Saturday, July 07, 2018

Yellowbird: Did Joseph Heller Predict President Trump in his Final Novel?

I just started reading Joseph Heller's final novel, Portrait of an Artist, as an Old Man, in which Eugene Pota, an older novelist, is looking for an appropriate subject and plot for his next book. I was surprised to see that one of Pota's early attempts is a story prompted by a memory of the song Yellow Bird. In this novel sketch a young boy lets his mother's new canary out of its cage, a mistake that leads to the yellow bird's death and also leads to his first experience with successful lying when he gets his mother's money back at the pet store.

"Years later, he remembered the yellow bird and labeled the experience his first brush with death. Also his first advantageous negotiation. His first constructive deception. It was all so easily fruitful he resolved to try dishonesty again whenever a situation counseled chicanery. Like Tom Sawyer, he was fond of mischievous deceit, and his antics had never, until the present, tumbled him into trouble. Foppishly, he'd felt himself invulnerable. Absurdly, when elected to the presidency of the country, he'd chosen for himself the code name Yellowbird."

I don't know what this fictional lying president looked like, but wouldn't "Yellowbird" be a great code name for a septugenarian president who insists on wearing a baby-chick yellow wing on the top of his head.

"Forty-five years  later, when holed up quaking in the White House as though in an imperiled stronghold, and confronted by the impending ignominious dishonor of impeachment, he recalled this childhood exploit with the canary, and in his next lamebrained and squirming, sorrowful, insincere, apologetic speech he impetuously injected a line of poetry he'd come upon far back in a place he no longer remembered by a poet no longer of importance to him, interpolating, 'I would rather learn from one bird how to sing than teach ten thousand stars how not to shine...or dance.' That sounded great, he thought, and infused with an ardent surge of confidence, he hastened to venture further into the domain of arts and letters and raced on extemporaneously with a line he associated with Eleanor Roosevelt, that, to wit, it was better to light a candle than curse the darkness. He was pleased with himself after that one too and was basking in his own scholarly sense of himself even before he finished.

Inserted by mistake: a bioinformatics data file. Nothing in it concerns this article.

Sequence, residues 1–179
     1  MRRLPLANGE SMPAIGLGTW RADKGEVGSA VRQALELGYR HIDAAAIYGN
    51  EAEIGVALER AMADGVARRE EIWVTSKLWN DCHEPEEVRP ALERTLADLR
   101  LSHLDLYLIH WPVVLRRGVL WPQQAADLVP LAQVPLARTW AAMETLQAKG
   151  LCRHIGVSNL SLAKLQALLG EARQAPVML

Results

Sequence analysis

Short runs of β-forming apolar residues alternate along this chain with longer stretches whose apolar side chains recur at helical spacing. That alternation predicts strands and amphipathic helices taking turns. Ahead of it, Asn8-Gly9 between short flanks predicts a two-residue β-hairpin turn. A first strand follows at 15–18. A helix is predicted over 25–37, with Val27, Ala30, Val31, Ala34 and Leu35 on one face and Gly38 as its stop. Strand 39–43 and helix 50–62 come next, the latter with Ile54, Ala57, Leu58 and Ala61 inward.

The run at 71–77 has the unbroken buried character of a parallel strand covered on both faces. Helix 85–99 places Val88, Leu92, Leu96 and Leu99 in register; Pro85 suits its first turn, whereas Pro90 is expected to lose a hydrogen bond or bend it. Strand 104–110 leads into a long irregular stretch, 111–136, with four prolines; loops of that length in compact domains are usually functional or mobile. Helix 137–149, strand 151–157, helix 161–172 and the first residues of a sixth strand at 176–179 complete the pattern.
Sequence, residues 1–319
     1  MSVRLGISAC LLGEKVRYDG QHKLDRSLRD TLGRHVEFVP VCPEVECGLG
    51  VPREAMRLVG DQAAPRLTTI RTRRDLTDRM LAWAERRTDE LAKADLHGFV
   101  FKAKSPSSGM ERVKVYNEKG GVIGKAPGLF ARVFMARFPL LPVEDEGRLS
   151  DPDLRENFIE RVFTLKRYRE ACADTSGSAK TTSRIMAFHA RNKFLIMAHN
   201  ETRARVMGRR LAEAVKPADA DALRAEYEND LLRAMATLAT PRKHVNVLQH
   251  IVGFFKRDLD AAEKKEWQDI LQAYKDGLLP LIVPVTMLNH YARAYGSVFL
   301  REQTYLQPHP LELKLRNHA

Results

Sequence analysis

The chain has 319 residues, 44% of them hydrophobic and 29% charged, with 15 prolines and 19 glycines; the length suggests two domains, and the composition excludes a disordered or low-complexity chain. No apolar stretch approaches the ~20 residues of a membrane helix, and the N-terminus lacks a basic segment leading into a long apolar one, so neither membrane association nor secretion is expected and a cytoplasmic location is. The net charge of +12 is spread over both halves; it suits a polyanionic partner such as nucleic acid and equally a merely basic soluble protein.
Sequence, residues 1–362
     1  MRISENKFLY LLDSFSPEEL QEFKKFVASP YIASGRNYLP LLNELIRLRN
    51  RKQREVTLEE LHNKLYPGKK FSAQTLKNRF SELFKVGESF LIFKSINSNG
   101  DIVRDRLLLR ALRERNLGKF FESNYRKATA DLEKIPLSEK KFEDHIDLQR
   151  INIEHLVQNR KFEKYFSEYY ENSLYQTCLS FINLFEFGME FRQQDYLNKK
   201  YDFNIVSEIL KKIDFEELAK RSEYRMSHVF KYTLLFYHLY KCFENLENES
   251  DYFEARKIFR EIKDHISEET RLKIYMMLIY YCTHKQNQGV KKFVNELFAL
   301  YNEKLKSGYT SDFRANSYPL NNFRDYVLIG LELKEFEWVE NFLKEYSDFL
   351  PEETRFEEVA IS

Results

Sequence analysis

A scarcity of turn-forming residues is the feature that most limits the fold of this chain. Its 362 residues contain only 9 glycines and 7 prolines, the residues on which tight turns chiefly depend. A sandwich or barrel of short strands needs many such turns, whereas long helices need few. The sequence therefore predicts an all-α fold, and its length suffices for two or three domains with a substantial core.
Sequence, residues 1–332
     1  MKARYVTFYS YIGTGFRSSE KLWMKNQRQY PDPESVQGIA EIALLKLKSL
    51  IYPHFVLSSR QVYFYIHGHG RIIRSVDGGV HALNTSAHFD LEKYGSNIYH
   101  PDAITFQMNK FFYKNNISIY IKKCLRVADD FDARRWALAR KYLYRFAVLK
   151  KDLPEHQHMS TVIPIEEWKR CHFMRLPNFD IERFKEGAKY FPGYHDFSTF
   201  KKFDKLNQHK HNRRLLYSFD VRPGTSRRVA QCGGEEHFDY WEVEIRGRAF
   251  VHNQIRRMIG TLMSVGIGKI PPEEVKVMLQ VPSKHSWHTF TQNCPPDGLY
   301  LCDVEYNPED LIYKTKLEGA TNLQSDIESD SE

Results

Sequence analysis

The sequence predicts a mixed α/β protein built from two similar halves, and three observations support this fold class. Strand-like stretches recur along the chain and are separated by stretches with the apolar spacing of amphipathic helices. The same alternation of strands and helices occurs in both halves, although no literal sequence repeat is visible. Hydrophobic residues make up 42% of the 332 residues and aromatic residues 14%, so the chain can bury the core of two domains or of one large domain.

"His speechwriters and closest advisors, on the other hand, were aghast. In shocked states of agonized helplessness, they glared at each other with outrage. 'That putz!' grumbled the one from New York City. 'That very dumb putz!' Another, with a polite growl of apology, stepped outside to vomit."
If Twitter had existed in 1999 when Heller's novel was written, I'm sure President Yellowbird would have used it rather than a speaker's podium to embarrass himself. But despite its prophetic qualities, this fictional sketch doesn't become Pota's next novel.
"Who cared? What could it lead to that was worthwhile? Another political farce, another dysfunctional family yarn? Any serious literary work treating those contaminated buffoons in Washington as a herd of contaminated buffoons could no longer be fresh or striking. It would have to be ludicrous and thin, anything but serious, and there had already been too many of those."
Isn't that exactly how a lot of writers are feeling about the "real world" of 2018, with our current president that no serious novelist would ever be able to (or want to) invent?

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